Would We Lie To You? When Real Life Resembles a Disney Movie
[Another entry in the ongoing blog "Would We Lie To You?: News from the Non-Fiction Career Lab"]
By Katie Pakos Rimer
In the Non-Fiction Career Lab we have been reading about what makes a good story: a "hooky" first paragraph, a sympathetic narrator, a sense of rising action, a crisis point, some sort of resolution, and some falling action or denouement (see Jack Hart's StoryCraft for more).
The formula is so simple I can diagram it in my notebook, like a bell curve with the high point (crisis) occurring about two-thirds of the way through the curve (for those of you into statistics, I know this is actually called a shark fin curve). I sketch ideas from my own work onto the bell curve, mapping out my plot points and figuring out which characters show up when. My bell curves are pretty to look at; the formula is buoyant, and tidy.
But then I have to go write the piece.
It turns out the choices that determine which plot points make it onto the bell curve and when, are critical. In fact what I need to do before I even sketch out yet another pretty bell curve is to identify the reason I'm writing the story in the first place! In narrative nonfiction, simply stating the facts isn't enough. As my NFCL colleague Sari Boren wrote so eloquently last week, we writers have to make choices about what themes our stories are going to emphasize, and which themes we save for other pieces. This means highlighting some details, and leaving others out.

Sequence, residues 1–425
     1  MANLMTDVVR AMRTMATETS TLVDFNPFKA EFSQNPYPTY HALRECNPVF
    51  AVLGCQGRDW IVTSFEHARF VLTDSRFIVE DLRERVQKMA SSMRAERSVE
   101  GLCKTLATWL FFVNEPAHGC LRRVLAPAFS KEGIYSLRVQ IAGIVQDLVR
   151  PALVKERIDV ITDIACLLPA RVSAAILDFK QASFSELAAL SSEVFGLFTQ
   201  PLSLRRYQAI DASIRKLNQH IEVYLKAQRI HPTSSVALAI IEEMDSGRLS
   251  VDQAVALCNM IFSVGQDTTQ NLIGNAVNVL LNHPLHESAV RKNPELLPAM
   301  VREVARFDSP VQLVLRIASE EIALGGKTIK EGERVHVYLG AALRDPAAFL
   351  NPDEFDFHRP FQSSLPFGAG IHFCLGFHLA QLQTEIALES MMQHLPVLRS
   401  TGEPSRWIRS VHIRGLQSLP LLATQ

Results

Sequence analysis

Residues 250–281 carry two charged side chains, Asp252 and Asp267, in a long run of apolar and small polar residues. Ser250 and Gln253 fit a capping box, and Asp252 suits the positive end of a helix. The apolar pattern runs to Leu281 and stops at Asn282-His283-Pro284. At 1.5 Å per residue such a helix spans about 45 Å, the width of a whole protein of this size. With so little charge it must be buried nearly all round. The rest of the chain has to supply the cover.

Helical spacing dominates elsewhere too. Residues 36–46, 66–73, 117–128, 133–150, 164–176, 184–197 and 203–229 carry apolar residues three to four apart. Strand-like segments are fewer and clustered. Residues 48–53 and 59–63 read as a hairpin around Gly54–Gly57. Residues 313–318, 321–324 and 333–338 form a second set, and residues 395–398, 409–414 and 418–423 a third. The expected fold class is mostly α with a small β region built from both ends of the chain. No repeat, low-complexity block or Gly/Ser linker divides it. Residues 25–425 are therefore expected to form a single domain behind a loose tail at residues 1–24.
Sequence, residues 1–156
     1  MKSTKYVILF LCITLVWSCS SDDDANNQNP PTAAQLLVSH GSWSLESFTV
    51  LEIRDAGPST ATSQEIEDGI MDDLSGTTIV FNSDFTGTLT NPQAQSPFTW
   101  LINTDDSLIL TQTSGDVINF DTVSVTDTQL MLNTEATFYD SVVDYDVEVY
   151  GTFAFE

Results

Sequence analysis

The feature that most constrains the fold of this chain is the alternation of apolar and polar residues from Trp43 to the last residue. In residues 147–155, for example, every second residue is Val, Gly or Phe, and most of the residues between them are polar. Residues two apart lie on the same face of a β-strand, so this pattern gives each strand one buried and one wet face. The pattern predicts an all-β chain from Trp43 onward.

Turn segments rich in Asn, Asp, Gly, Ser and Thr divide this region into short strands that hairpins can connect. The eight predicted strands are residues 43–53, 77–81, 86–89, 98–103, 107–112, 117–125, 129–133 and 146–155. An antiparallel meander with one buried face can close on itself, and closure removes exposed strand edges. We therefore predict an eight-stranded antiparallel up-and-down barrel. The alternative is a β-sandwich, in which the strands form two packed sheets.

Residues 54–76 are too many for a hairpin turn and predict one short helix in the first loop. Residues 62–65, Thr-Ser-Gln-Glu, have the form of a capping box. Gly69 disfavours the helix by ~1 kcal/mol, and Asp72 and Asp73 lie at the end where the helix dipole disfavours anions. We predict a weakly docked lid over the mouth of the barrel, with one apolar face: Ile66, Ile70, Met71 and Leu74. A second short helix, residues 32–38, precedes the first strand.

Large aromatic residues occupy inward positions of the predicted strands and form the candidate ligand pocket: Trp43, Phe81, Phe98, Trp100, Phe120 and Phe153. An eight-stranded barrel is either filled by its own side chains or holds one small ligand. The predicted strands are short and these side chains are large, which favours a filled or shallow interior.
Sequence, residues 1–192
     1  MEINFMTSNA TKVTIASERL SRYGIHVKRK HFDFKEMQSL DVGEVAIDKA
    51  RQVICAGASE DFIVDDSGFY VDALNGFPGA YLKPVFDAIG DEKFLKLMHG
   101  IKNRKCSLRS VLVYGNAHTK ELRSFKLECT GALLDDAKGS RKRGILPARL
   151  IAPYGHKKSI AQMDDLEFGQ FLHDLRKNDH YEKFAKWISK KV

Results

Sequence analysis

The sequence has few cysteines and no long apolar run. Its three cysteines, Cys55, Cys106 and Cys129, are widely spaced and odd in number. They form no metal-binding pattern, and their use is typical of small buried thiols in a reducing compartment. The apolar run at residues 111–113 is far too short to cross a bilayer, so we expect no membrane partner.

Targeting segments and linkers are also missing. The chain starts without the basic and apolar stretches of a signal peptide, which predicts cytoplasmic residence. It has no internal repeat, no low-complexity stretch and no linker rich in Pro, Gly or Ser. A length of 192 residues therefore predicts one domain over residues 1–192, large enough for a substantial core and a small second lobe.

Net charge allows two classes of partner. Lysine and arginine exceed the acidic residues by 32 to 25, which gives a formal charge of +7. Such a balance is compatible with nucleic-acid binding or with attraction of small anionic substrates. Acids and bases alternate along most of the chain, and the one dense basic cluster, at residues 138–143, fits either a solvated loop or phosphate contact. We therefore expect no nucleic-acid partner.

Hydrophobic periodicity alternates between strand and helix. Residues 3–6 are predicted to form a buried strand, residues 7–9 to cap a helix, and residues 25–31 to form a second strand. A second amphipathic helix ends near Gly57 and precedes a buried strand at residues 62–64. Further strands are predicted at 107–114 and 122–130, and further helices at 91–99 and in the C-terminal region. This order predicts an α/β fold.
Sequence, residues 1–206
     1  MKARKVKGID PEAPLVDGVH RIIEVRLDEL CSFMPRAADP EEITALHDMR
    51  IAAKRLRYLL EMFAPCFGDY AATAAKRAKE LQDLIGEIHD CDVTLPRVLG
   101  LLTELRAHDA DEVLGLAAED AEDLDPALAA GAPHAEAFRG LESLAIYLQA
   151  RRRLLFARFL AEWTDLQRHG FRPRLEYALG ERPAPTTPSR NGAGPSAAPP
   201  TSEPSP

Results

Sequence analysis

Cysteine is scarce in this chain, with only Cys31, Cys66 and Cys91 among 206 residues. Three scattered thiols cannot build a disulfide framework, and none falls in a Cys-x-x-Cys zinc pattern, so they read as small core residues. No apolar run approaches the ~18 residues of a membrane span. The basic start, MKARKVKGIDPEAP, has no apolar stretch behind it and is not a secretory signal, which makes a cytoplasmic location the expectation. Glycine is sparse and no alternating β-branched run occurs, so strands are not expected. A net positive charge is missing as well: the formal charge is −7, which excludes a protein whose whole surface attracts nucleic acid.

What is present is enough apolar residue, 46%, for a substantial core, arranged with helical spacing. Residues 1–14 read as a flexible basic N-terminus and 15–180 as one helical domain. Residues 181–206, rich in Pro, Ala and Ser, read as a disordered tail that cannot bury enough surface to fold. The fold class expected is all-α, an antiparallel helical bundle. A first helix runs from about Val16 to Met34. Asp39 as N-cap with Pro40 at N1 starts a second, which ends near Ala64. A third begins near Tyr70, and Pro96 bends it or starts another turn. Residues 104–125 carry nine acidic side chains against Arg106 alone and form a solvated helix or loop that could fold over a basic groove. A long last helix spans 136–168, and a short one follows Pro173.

Here is a real-life example from my own work.
I'm working on a story now about time I spent just after college in Bogota, Colombia, studying public health. Today I am a hospital chaplain who regularly works with people at the end of life, and I write about spirituality in medicine. To be honest, dear reader, I don't know why I am writing this particular story about this incident in Bogota. The truth is that I have the persistent sense that the story is asking me to tell it; it's prompting me. But it's pretty vague. So I want to write the story but I haven't figured out why, and how I'll use it once it's written. Lo and behold, not knowing why I'm writing it makes it pretty hard to make those choices about plot points and timing.
Here are the facts of the story:
- My colleague Padre Manuel asks me to come with him to visit a "sick woman."
- I, studying low-income public health, am interested in medical cases, so I agree to keep him company.
- We walk a mile through the dusty barrios and enter a 2-room shack with a 37-year-old woman reclined on a couch, very obviously dying from advanced cancer. I am shocked and unprepared to see her suffering.
- The woman's mother falls to her knees upon our arrival, and shakes her fist at the sky and tells the priest she is cursing God for taking her daughter.
- I sit on a small couch and press my leg into Padre Manuel's to give me the strength to stay in the room. There is nothing I can do to help. Tears stream down my cheeks.
- Suddenly, a snow white, baby bunny hops into the shack. No one in the neighborhood has seen this bunny before, and everyone lives in close proximity and knows everything about each other.
- The dying woman stops moaning and the mother gives her the bunny to hold. She smiles.
- The tension breaks in the home; Padre Manuel blesses the woman and her mother, and we leave the two women cuddling the bunny.